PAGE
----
Assigning green number plates to electric and other low-emission vehicles may encourage people to buy and use less polluting cars.
The United Kingdom government announced on 9 September 2018 that it is seeking consultations on the introduction of a green-coloured number plate scheme for low-emission vehicles.
“Adding a green badge of honour to these new clean vehicles is a brilliant way of helping increase awareness of their growing popularity in the UK, and might just encourage people to think about how one could fit into their own travel routine,” said Chris Graying, the UK Transport Secretary.
Green number plate schemes are already in use in China and Canada on low-emission vehicles to make them distinct from others. Green number plate schemes may help support specific local incentives for low-emissions vehicles by allowing access to special bus or dedicated lanes, charging bays, subsidized parking facilities or ultra-low-emission zones.
Norway has a similar scheme in place where the number plates are prefixed with letters such as EK or EL to signify that they are electrically powered or that they run on alternative fuel. Sales of electric and hybrid cars in Norway outpaced those running on fossil fuels last year, cementing the country’s position as a global leader in the push to reduce vehicle emissions.
One of the biggest challenges to the widespread uptake of electric vehicles is so-called “anxiety range” whereby motorists are afraid that they will not have enough electric range to reach their destination. That is why it is vital that countries develop a charging infrastructure. The development of such a network may be particularly challenging in countries with large distances to cover.
“Air pollution is the biggest public health emergency of our time. Incentives such as green license plates for low-emission vehicles can go a long way in encouraging a transition to electric vehicles. And when we make this transition, we will all breathe much cleaner air,” said Joyce Msuya, Deputy Executive Director of UN Environment.
The UK hosted the world’s first Zero Emission Vehicle Summit on 10 to 12 September 2018, to discuss the development and uptake of zero-emissions vehicles. The summit brought together ministers, industry leaders and sector representatives from around the world to tackle carbon emissions and find ways to improve air quality.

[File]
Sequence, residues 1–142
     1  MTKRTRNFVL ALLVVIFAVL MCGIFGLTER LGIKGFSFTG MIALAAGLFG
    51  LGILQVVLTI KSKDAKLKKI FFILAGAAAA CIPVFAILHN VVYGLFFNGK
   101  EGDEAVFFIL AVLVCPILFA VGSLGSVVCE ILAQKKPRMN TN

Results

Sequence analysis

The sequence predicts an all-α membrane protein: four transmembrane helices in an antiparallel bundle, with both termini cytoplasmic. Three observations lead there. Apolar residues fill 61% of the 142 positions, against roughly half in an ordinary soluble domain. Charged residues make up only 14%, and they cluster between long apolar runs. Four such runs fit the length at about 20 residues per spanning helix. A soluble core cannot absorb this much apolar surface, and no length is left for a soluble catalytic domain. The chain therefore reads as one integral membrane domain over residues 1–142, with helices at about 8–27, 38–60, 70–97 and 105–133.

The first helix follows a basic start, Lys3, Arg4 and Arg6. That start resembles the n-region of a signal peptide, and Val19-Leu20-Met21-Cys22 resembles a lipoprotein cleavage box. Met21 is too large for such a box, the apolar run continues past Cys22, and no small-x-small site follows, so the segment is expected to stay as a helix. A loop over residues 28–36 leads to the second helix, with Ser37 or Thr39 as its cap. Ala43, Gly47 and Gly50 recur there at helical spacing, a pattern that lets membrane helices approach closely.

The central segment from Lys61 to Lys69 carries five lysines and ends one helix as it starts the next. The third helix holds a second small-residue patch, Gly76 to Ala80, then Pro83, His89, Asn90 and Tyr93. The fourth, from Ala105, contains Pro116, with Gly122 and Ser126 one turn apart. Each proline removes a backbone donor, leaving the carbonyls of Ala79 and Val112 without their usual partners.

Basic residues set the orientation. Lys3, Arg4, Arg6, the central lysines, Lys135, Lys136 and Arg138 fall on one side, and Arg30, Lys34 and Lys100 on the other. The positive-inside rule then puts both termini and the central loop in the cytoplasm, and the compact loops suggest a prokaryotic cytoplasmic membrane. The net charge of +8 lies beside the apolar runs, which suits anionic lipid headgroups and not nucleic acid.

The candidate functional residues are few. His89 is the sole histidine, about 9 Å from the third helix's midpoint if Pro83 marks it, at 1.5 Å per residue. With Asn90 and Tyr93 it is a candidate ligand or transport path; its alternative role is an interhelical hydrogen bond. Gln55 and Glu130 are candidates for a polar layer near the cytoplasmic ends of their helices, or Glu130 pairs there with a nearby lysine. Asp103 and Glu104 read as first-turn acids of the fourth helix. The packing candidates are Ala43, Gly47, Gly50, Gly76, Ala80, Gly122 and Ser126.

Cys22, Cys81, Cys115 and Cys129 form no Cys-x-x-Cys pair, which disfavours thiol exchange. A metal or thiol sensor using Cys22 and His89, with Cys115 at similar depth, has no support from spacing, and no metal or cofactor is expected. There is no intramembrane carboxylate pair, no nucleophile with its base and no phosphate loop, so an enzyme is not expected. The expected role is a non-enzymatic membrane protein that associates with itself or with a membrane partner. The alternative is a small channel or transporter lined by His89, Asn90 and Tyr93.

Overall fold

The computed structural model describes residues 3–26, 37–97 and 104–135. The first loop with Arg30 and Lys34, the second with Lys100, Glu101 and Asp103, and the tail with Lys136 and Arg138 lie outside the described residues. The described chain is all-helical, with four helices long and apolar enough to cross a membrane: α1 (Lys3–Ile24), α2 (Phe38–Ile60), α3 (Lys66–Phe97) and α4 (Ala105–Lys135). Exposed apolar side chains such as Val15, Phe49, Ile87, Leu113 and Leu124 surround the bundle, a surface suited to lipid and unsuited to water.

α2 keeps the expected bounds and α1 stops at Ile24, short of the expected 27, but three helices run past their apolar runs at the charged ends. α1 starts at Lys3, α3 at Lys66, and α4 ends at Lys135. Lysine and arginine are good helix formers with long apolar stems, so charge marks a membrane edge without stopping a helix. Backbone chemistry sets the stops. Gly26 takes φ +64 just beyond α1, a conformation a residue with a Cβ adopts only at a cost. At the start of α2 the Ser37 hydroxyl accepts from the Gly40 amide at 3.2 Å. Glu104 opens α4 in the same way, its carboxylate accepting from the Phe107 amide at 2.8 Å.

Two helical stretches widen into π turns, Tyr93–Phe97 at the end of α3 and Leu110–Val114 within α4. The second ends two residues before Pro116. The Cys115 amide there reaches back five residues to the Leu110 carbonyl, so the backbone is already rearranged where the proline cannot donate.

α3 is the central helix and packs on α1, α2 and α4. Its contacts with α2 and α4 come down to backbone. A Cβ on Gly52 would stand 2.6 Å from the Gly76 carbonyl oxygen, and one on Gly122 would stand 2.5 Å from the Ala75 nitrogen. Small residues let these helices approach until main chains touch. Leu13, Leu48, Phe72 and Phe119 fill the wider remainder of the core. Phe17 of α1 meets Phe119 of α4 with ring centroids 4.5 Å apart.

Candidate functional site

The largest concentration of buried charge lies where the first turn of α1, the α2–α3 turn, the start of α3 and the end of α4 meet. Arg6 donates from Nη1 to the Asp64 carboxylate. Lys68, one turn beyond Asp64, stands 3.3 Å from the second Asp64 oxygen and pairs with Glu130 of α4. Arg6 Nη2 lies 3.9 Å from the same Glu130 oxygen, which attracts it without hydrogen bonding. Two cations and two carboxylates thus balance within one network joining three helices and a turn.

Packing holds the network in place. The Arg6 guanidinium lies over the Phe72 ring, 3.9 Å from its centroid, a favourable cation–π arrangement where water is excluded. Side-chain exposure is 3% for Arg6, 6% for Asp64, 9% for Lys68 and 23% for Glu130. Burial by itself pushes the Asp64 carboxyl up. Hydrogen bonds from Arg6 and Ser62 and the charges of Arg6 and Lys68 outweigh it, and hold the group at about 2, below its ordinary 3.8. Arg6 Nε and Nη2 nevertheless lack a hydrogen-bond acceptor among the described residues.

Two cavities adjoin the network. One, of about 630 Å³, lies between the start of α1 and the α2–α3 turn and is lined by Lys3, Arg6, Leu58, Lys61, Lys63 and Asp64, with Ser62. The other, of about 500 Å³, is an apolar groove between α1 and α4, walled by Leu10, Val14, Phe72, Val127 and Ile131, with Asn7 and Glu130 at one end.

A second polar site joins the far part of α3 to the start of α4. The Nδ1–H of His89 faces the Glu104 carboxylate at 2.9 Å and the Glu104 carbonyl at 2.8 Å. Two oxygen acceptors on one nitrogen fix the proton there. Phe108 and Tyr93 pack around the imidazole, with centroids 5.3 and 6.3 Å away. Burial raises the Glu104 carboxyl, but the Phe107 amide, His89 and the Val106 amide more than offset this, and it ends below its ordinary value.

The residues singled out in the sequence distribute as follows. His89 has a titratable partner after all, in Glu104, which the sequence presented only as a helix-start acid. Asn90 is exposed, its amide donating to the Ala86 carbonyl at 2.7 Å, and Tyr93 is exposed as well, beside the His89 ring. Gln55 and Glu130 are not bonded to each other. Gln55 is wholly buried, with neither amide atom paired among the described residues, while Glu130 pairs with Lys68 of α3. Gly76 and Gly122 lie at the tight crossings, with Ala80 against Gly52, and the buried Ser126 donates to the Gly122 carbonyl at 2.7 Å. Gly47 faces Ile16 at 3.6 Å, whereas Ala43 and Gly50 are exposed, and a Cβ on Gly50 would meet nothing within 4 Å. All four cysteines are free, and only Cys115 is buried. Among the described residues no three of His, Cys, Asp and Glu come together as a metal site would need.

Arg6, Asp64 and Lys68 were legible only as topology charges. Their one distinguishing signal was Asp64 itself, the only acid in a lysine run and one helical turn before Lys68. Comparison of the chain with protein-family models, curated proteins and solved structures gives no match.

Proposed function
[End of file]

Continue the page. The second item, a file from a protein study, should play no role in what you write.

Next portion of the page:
What is air pollution doing to us?
According to the World Health Organization, seven million people die every year from exposure to polluted air, both indoor and outdoor. Deaths and illnesses from air pollution are largely due to tiny, invisible airborne particles, known as particulate matter, which can be as small as a molecule. These particles are clumps of poison, containing anything from black carbon (soot), to sulphates to lead. The smallest particles are the deadliest: PM2.5 particles, which are 2.5 microns or less in diameter, and PM10, which are 10 microns or less in diameter. These tiny killers bypass the body’s defences and lodge in the lungs, bloodstream and brain.
Air pollution doesn’t just kill, however. It also contributes to other illnesses, hampers development and causes mental health problems. Air pollution impacts human health and economic growth. Many of the pollutants also cause global warming, such as black carbon, which is produced by diesel engines, burning trash and dirty cookstoves. If we were to reduce the emissions of these pollutants, we could slow global warming by up to 0.5°C over the next few decades.
UN Environment’s Electric Mobility Programme
UN Environment’s Electric Mobility Programme works with countries, particularly emerging economies, to shift from fossil fuels to electric vehicles including buses, 2&3 wheelers and light-duty vehicles.
Today’s transport sector is almost completely dependent on fossil fuels but this doesn’t have to be the case. Leading by example, countries like Norway and China have put in place policies to support the use of electric vehicles, with measurable success. Such practices need to be scaled up and replicated around the world.
UN Environment uses its extensive network and country contacts to promote electric mobility with a special focus on developing national and sub-national electric mobility policies, convening stakeholders to map out regional strategies and roadmaps, supporting demonstration pilots, and facilitating the exchange of best practices and clean technology options.
Breathe Life – a global campaign for clean air
The global #BreatheLife campaign, led by the World Health Organization, UN Environment and the Climate & Clean Air Coalition, is supporting a range of cleaner air initiatives that cover 39 cities, regions, and countries, reaching over 80 million people.
By instituting policies and programmes to curb transport and energy emissions, and to promote the use of clean energy, cities are leading change and improving the lives of a large number of people.
Breathe Life: I drive an electric car